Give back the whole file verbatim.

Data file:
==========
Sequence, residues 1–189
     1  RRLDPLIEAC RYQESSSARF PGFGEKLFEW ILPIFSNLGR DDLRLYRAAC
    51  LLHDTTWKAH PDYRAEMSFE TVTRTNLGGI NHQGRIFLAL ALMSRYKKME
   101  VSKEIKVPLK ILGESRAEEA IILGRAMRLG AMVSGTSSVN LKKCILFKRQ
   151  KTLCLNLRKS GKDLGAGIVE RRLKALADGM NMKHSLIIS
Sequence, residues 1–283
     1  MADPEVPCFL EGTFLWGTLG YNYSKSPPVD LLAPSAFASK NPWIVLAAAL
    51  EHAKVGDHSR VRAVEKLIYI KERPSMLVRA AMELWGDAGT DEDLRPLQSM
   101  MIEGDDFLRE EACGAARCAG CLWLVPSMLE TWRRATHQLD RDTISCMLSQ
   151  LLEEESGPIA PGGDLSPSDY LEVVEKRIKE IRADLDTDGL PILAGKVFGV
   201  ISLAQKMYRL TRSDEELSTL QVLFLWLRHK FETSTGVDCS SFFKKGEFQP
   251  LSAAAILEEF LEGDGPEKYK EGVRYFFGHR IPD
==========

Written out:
Sequence, residues 1–189
     1  RRLDPLIEAC RYQESSSARF PGFGEKLFEW ILPIFSNLGR DDLRLYRAAC
    51  LLHDTTWKAH PDYRAEMSFE TVTRTNLGGI NHQGRIFLAL ALMSRYKKME
   101  VSKEIKVPLK ILGESRAEEA IILGRAMRLG AMVSGTSSVN LKKCILFKRQ
   151  KTLCLNLRKS GKDLGAGIVE RRLKALADGM NMKHSLIIS
Sequence, residues 1–283
     1  MADPEVPCFL EGTFLWGTLG YNYSKSPPVD LLAPSAFASK NPWIVLAAAL
    51  EHAKVGDHSR VRAVEKLIYI KERPSMLVRA AMELWGDAGT DEDLRPLQSM
   101  MIEGDDFLRE EACGAARCAG CLWLVPSMLE TWRRATHQLD RDTISCMLSQ
   151  LLEEESGPIA PGGDLSPSDY LEVVEKRIKE IRADLDTDGL PILAGKVFGV
   201  ISLAQKMYRL TRSDEELSTL QVLFLWLRHK FETSTGVDCS SFFKKGEFQP
   251  LSAAAILEEF LEGDGPEKYK EGVRYFFGHR IPD